Labour Struggle in the United States and Canada, 1876 - 1878: Reflections on Connected Histories
(Conferences / Seminars / Lectures)
Jean-Philip Mathieu, History Department, University of Quebec, speaker
In late December 1876, railway workers affiliated with the Brotherhood of Locomotive Engineers go on strike and succeed in paralyzing and defeating the Grand Trunk Railway, the largest and most powerful corporation in Canada. In the summer of 1877, the Great Labour Uprising erupts in the United States, one of the most intense and bloody confrontations between capital and labour in North American history. In June 1878, thousands of desperate men living on the razor's edge of public works force a general strike in Québec City with the goal of creating a minimum wage of one dollar a day. These three confrontations, all taking place during the nadir of the Great Depression, are usually viewed as isolated events in standard national labour histories. However, as this paper will demonstrate, events such as these were rarely confined by the porous borders of the nineteenth-century. By reflecting on the connections linking these three clashes, we will argue that labourers in Québec City or Toronto had more in common with workers in Chicago or Saint-Louis than they had with their own employers, and that the North American working class shared a common historical trajectory that transcended national boundaries.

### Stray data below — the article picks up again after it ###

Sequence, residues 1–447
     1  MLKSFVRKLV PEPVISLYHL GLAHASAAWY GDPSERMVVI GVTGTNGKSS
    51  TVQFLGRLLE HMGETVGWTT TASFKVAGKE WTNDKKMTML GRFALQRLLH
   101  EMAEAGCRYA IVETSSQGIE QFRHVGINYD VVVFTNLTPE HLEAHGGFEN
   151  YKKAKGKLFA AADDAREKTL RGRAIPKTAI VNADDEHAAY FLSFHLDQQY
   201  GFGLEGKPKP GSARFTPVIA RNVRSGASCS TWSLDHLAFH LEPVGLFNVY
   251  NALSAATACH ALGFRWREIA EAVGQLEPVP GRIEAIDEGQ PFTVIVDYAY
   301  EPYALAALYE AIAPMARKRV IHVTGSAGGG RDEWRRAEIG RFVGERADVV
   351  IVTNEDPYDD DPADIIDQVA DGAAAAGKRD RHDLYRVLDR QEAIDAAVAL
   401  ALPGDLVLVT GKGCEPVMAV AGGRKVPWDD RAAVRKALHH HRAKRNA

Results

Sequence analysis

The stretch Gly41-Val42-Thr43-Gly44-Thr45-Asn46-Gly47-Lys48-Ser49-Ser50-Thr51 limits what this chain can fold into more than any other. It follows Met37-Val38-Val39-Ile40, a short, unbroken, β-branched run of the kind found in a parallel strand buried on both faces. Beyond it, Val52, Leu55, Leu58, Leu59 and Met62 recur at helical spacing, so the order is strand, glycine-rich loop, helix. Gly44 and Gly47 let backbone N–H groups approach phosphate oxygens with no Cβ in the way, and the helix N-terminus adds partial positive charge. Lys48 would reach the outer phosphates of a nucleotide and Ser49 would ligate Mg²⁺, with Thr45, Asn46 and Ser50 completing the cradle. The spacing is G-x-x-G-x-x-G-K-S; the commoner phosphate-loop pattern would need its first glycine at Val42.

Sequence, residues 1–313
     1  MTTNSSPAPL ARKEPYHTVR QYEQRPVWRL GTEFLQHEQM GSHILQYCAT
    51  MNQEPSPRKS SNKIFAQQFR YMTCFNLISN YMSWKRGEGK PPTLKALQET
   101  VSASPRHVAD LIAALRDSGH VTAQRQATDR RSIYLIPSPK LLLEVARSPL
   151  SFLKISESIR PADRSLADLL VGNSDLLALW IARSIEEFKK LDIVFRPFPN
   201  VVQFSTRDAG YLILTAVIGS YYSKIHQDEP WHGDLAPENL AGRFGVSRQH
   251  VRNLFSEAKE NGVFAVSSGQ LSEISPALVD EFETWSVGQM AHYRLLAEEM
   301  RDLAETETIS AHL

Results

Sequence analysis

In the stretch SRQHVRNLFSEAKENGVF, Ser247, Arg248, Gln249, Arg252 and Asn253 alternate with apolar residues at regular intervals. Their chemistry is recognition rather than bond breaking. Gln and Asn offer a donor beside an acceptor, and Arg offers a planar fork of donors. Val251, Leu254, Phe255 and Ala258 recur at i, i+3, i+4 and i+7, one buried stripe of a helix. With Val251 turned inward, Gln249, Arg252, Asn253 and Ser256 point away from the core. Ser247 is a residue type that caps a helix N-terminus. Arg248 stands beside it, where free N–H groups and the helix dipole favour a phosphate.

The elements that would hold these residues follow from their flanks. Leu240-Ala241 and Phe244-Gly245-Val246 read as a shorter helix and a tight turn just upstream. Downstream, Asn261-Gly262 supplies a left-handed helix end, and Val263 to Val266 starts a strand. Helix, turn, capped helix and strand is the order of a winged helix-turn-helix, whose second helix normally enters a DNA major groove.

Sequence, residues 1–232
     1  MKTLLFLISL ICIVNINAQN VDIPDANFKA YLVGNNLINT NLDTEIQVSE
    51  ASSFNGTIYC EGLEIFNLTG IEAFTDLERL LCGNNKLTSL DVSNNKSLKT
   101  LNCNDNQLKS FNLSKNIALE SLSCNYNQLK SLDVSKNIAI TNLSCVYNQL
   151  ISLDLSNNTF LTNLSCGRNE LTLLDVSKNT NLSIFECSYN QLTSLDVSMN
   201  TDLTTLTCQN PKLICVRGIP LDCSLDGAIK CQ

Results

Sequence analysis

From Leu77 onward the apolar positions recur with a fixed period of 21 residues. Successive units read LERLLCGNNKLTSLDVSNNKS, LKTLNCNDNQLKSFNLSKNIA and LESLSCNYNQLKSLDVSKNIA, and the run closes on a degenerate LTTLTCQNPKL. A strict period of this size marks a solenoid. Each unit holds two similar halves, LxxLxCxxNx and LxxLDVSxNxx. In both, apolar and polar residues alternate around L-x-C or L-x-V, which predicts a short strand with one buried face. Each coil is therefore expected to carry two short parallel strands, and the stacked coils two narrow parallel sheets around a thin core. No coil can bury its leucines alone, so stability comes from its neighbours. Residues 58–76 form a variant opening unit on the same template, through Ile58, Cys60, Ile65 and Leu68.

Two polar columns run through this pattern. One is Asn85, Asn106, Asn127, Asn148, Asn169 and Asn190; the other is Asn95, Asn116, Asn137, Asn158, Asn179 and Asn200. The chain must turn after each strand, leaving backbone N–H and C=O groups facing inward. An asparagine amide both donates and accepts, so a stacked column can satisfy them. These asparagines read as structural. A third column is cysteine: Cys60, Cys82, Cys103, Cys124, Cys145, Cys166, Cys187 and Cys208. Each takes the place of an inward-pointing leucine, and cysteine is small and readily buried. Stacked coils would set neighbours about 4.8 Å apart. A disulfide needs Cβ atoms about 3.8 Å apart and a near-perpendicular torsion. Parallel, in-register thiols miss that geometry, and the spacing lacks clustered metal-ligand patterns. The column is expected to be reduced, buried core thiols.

Cosponsored by the Canadian Studies Center and Our Daily Work, Our Daily Lives.